Sunday, May 19, 2013

Under the Banana Tree

It’s raining in New York today—a steady, chilly flurry of fine raindrops that glues piles of sodden leaves to the sidewalks and collects in sloshing gutter-pools. It’s an in-between rain, heavy enough to discourage foot traffic but not so heavy that Sunday errands are completely abandoned.

Sunny days remind me of California—of blue skies and ocean swells and a smog-line on the horizon. Rainy days remind me of the Philippines.

Pagudpud rainstorm
Three and a half years ago I had my first rainy season—my first experience of rain without end, of cataracts drumming down endlessly on aluminum roofs, of trisikad wheels cutting furrows through riverine streets. I shivered through cold bucket baths and spent evenings on the porch of my host family’s home, watching the water pinball down the branches of the neighbor’s rambutan tree. I played Go Fish with Kate and Meryl and Nina while the little ones, Pan-Pan and Pau-Pau and Ann-Ann, tottered around on mud-splattered feet. There was also a game called Popcorn, a slightly more sophisticated version of Duck Duck Goose, and since I was clumsy and slow I was usually the goose.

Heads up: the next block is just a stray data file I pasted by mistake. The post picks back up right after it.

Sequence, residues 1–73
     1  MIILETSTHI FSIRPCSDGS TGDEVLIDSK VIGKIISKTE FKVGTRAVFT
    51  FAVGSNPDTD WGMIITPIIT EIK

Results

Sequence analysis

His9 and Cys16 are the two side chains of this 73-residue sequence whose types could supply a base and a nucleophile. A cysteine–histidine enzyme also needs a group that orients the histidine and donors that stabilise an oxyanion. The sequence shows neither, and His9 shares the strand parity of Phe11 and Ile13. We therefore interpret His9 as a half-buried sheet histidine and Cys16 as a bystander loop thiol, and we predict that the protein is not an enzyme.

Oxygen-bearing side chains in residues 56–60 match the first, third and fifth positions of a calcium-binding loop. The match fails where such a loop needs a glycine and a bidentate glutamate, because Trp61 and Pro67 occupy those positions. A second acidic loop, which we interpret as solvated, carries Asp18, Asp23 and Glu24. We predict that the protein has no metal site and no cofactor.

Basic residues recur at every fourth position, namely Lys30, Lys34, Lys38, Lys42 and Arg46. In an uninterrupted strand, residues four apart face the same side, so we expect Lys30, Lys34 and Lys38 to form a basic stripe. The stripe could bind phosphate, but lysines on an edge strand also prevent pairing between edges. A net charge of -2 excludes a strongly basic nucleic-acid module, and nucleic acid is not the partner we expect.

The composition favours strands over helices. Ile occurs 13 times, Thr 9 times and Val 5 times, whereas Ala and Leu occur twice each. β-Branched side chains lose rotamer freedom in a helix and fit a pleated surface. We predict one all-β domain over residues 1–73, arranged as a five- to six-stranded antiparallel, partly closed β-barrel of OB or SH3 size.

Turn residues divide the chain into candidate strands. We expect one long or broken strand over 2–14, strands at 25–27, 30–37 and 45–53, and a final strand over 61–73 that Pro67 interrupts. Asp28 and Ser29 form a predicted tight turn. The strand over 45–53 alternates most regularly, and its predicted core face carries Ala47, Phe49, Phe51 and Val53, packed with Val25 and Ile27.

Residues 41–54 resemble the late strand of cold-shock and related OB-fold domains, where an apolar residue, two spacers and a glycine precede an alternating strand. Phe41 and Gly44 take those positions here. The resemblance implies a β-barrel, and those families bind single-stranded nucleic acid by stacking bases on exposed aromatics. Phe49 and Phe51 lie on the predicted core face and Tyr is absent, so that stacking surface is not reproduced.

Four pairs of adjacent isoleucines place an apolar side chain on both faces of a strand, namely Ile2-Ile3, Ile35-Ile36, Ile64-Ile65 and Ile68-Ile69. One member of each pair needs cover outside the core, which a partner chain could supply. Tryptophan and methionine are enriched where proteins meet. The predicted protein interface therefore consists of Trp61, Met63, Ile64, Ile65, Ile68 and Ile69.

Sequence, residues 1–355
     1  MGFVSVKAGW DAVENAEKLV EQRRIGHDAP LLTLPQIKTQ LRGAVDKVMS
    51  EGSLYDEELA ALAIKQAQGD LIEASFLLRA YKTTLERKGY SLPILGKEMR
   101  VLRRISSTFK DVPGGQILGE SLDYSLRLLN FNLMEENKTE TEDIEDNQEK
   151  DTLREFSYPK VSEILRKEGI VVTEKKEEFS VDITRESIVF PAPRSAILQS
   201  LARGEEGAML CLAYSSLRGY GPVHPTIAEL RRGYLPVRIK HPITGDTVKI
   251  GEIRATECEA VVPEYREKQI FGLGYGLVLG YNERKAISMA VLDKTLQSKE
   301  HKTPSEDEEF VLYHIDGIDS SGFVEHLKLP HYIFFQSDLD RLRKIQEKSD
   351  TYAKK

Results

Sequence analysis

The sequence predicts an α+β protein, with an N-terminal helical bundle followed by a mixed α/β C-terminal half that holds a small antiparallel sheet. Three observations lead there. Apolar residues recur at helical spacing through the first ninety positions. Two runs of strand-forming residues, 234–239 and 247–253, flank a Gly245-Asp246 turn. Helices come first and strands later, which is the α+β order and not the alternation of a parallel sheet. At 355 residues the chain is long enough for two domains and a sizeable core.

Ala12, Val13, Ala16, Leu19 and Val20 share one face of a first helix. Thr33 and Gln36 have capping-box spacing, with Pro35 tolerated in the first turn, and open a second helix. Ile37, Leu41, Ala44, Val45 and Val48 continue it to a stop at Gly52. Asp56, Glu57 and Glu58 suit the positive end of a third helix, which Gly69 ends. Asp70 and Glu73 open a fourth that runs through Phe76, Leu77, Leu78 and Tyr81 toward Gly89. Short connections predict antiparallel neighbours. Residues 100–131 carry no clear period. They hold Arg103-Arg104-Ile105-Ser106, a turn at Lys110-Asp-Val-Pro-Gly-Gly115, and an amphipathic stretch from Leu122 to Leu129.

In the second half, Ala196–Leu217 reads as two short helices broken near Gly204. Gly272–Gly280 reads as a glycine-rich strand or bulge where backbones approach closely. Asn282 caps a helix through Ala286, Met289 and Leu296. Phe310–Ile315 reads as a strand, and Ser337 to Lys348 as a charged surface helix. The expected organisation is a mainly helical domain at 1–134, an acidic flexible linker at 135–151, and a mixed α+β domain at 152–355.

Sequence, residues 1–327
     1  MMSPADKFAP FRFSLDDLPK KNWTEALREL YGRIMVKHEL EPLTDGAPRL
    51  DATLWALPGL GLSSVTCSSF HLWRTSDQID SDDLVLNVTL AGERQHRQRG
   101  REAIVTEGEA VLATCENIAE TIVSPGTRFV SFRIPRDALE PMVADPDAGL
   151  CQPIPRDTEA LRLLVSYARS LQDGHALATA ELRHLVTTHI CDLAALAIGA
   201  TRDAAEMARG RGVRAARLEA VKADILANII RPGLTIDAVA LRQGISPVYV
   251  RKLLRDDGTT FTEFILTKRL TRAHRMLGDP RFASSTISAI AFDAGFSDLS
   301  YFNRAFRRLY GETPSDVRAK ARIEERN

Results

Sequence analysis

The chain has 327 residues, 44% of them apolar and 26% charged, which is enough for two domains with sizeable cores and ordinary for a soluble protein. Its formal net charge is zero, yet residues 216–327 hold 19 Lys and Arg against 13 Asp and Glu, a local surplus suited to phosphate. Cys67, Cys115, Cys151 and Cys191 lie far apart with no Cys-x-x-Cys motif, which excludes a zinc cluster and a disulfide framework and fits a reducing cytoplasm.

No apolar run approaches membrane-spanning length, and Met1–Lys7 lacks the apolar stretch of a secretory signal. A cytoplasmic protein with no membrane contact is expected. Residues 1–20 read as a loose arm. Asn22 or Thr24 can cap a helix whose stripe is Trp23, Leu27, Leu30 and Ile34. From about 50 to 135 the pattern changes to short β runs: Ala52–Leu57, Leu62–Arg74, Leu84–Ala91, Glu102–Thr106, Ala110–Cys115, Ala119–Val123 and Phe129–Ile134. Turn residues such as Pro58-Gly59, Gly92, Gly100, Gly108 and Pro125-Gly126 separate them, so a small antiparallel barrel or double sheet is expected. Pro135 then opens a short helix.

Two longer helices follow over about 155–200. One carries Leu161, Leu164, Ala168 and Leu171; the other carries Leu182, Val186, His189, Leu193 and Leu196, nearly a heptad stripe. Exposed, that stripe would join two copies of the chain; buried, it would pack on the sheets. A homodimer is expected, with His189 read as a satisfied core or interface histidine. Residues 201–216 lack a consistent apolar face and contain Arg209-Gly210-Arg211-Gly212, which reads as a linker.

Later, when I had my own house, I’d awake to the blissful sounds of rain and throw my doors and windows open. I lived on the back alley of my subdivision, and behind my house stretched acres of empty fields—lush, green, raw fields. I had a banana tree whose golden fruit mysteriously vanished while I was at work—its enormous elephant-ear leaves drooped seductively over my fence, attracting scavengers. During the rains I sat in my doorway and watched rivulets streaming from those leaves. Stood under them, dry, feeling the coolness of the bagyo air.

I miss it. I miss it.